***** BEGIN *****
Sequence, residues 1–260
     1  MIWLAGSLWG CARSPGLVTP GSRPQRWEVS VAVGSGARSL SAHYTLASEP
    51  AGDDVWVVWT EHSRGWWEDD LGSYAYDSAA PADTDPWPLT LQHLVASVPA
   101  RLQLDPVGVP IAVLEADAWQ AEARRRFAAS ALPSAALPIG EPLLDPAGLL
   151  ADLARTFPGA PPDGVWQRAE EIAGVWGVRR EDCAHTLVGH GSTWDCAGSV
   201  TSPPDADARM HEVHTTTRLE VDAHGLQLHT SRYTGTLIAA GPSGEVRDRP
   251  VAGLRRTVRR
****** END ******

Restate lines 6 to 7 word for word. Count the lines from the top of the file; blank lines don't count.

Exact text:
   201  TSPPDADARM HEVHTTTRLE VDAHGLQLHT SRYTGTLIAA GPSGEVRDRP
   251  VAGLRRTVRR